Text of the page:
Michele Maiers DC, MPH, PhD recently presented an excellent paper which all IME physicians will benefit from. The paper is titled A Role for Chiropractic in Workers Compensation and Occupational Medicine. All IME physicians commenting on chiropractic care will benefit from this article and research.
A Role for Chiropractic in Workers Compensation and Occupational Medicine
Michele Maiers, DC, MPH, PhD
Executive Director of Research and Innovation, Northwestern Health Sciences University
Overview: Chiropractors are best known as spine care experts. They focus on back pain, neck pain, and headache–all major drivers of disability and health care expenditures.
- Chiropractors most commonly use spinal manipulation therapy (also known as a chiropractic adjustment), in addition to exercise, soft tissue techniques, patient education, and wellness counseling.1
- The most common reasons for seeking chiropractic are back pain, neck pain, headache, shoulder symptoms and prevention of musculoskeletal problems.2
- Back pain is the leading cause of years lived with disability in the U.S., outranking other diseases such as diabetes, chronic pulmonary disease, and ischemic heart disease; neck pain and other musculoskeletal complaints rank among the top 10.3
Spine Care: Chiropractors deliver evidence-based best practices in spine care.
- Among complementary therapies, the majority of all health-provider visits for low back pain are to chiropractors4 for spinal manipulative therapy, which has been shown to be as effective as other standard treatments for this pervasive public health problem.5-8
- The American College of Physicians recommend spinal manipulation as a first line treatment for acute, subacute and chronic low back pain.6
- Chiropractic care aligned with evidence-based practice guidelines can result in less disability among acute low back pain patients when compared to physician-directed usual care.9
- Spinal manipulation, mobilization, and exercise are all recommended treatments for individuals with neck pain and whiplash associated disorders.10-12
- A 2012 randomized controlled trial showed spinal manipulative therapy was more effective than medication for acute and sub-acute neck pain.13
- Systematic reviews support the use of spinal manipulation and multi-modal multidisciplinary interventions for the management of migraine and cervicogenic headache.5,14
Safety: Chiropractic treatment is generally considered safe, with relatively minor side effects.
- The most common side effects experienced during chiropractic care (more specifically spinal manipulative therapy) are musculoskeletal in nature and short lasting. These include increased pain or soreness in the back, neck, joints, and muscles.15-21
- The rate of serious complications from spinal manipulative therapy is 5-10 per 10 million adjustments.22
- There is no excess risk of stroke associated with chiropractic care, as compared to primary care.23,24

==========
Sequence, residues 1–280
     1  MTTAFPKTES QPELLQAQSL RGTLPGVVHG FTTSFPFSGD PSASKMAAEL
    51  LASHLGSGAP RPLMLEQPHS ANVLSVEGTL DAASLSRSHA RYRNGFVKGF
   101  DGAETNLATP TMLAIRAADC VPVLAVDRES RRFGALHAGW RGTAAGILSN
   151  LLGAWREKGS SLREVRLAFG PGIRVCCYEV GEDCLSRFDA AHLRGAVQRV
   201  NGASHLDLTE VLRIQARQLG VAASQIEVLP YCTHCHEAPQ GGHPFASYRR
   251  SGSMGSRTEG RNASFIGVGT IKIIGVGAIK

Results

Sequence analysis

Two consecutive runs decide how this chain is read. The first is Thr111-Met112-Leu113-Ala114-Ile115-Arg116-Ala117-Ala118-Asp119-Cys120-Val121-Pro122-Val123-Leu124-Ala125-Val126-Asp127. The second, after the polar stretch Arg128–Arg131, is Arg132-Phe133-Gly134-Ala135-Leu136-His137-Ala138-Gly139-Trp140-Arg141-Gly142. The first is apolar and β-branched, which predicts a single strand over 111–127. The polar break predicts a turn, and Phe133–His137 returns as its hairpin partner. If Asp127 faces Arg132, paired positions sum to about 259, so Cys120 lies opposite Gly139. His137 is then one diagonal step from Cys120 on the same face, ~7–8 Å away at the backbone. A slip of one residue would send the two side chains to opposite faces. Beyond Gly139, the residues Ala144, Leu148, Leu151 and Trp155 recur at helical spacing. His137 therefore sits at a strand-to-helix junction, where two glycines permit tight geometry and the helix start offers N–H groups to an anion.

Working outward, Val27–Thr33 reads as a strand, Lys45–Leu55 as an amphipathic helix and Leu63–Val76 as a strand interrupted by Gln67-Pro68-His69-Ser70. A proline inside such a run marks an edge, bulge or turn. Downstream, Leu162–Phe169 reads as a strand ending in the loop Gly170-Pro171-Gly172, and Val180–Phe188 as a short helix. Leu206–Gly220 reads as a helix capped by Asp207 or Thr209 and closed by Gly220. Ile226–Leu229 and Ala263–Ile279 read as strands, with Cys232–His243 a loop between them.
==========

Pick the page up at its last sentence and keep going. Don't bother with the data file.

Occupational Health and Workers Compensation:
- On-site chiropractic services have been shown to reduce radiology and emergency room utilization, and decrease utilization of other outpatient healthcare services.25
- Chiropractic services offered at on-site corporate health clinics resulted in lower costs of care, fewer healthcare visits, and musculoskeletal medication use, compared to off-site physical therapy services.26
- A 1 year retrospective study of Workers Compensation claims demonstrated a lower rate of disability recurrence among chiropractic users compared to those who sought physical therapist or physician services.27
Complementary and Alternative Medicine (CAM) Health Care: CAM users cost the health care system less.
- Attempts to reduce national health care spending by eliminating coverage for CAM has been shown to “have little impact at best”.28
- The inclusion of CAM providers in new delivery systems (e.g. ACOs) is predicted to help slow growth in national health care spending.28
- Health care expenditures for Complementary and Alternative Medicine (CAM) users—primarily Doctors of Chiropractic—is $526 less per person for spine care, and $298 less for total healthcare costs, conservatively.29
Chiropractic: Access to chiropractic services results in lower health care costs, especially for back pain.
- Private insurance beneficiaries with a chiropractic care benefit have lower costs of health services, including reduced spending on medicine and lower use of costly diagnostic tests.30-33
- A study using Blue Cross/ Blue Shield data showed that care initiated with a chiropractor for low back pain cost 20% less compared than when initiated with an MD.34
- Data from several large managed care networks suggest access to chiropractic care may reduce per episode spending for back pain, as well as overall healthcare expenditures.33-36
- Systematic reviews suggest that spinal manipulation is a cost-effective option for treating sub- acute or chronic back pain.37,38
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